Arab World English Journal (AWEJ) Volume. 8 Number 4 December 2017 Pp. 444-450
History of English-as-a-Second-Language Teaching in the Middle East and the Current Scenario in Bahrain
(Former Professor of English)
Principal, Tylos Private School
In the Middle East, independence from the colonial powers was synonymous with ‘Arabization,’ making Arabic fundamental to education (Findlow 2006). With the member nations of the Arab League striving to promote Arab-Islamic culture and the Arabic language, Arabic came to symbolize tradition and Islamic values and the English language and Western culture, modernity and materialism (Al Zeera 19990; Charise 2007; Findlow 2006). While government-run schools adopted Arabic as their medium of instruction relegating English to the status of a second language, most of post-secondary education continued to be imparted through the medium of English, leaving English-as-a-Second-Language (ESL) learners inept at coping with the academic demands of higher education. The introduction of ESL in Grade Four in primary schools is partly to be blamed for the ESL learners’ inadequacies. Rising criticism from tertiary level educators and employers necessitated the introduction of ESL in Grade One in 2004 in Bahrain (Bahrain Ministry of Education, 2003). Sweeping national reforms in the educational arena in Bahrain have led to the revamping of curriculum, instruction and assessment standards in an attempt to ensure Bahrain’s educational system is of international standards (Quality Assurance Authority for Education & Training 2011). The purpose of this review article is to trace the way English Language teaching has changed since the colonial days in the Middle East, especially in Bahrain and the reasons necessitating the change. This paper also has implications for research on the English proficiency levels of freshman students today who have learned ESL since Grade 1.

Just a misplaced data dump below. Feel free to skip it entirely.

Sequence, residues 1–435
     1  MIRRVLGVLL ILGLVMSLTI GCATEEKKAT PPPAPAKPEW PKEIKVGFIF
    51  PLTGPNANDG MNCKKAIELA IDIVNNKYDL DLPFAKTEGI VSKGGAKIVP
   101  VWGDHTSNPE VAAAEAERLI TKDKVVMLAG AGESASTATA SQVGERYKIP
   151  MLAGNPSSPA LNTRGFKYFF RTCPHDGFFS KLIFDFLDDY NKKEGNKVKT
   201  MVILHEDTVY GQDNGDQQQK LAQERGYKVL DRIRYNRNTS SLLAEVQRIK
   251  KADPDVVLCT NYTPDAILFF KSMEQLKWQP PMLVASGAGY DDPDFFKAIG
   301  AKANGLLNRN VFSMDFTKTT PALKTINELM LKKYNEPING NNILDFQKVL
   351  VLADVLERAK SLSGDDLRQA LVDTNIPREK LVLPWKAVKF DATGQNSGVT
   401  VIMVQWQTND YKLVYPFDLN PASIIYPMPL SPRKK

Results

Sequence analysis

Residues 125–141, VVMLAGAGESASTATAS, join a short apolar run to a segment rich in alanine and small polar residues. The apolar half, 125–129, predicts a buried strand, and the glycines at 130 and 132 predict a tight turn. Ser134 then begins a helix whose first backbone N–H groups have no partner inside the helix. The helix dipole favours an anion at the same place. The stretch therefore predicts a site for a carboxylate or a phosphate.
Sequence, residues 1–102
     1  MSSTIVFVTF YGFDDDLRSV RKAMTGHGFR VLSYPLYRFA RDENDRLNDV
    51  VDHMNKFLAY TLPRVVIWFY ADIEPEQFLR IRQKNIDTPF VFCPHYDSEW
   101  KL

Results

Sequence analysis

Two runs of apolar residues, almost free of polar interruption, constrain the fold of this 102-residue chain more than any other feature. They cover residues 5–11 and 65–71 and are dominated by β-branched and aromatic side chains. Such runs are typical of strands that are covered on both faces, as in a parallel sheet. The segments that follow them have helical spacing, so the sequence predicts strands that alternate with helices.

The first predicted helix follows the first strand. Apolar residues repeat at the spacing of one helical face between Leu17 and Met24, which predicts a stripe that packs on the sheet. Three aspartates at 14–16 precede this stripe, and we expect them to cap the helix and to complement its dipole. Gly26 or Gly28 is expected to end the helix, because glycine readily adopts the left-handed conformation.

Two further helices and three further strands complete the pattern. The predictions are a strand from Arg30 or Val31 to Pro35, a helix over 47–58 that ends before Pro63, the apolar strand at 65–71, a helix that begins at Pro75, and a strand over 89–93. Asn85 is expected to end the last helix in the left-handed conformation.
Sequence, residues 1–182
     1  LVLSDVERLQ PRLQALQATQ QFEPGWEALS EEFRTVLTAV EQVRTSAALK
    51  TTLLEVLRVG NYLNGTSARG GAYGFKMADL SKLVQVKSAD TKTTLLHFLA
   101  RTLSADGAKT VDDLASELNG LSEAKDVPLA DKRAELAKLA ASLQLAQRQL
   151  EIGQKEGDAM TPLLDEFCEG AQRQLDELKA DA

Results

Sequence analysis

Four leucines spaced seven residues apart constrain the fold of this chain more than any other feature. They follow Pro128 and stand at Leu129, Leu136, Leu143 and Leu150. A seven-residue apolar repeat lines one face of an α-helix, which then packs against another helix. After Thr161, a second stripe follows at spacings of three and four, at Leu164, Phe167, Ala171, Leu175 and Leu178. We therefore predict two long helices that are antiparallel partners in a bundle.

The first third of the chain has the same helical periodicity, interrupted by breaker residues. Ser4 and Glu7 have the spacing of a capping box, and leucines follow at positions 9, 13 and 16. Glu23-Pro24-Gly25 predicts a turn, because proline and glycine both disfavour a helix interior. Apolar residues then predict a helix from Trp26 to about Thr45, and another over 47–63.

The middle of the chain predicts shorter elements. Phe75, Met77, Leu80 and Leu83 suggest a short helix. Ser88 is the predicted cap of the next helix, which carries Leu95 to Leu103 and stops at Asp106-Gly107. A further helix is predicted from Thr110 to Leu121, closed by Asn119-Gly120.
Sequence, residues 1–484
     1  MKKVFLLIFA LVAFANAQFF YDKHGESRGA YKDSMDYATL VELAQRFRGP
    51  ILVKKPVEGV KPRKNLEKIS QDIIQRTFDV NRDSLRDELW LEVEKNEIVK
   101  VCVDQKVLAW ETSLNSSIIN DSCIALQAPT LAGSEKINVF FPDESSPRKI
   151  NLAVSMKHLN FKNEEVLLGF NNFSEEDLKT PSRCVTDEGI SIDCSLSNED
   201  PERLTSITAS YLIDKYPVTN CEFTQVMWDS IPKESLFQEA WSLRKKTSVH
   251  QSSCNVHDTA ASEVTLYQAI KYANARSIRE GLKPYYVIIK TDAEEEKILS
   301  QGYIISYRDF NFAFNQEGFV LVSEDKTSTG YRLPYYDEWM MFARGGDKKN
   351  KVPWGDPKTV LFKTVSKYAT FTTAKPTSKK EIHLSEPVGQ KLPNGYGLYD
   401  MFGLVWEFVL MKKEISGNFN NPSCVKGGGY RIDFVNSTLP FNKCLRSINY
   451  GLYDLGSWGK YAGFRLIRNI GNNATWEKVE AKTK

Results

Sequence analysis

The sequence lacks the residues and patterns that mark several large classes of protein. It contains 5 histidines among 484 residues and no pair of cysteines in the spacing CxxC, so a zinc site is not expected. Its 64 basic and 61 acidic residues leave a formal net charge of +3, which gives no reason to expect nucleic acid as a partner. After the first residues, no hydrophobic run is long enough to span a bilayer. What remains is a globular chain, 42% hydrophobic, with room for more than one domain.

Key words: English as a second language, English curriculum, English language teaching in Bahrain, English language teaching in the Middle East, English proficiency
Cite as: Ponnuchamy, G. (2017). History of English-as-a-Second-Language Teaching in the Middle East and the Current Scenario in Bahrain. Arab World English Journal, 8 (4).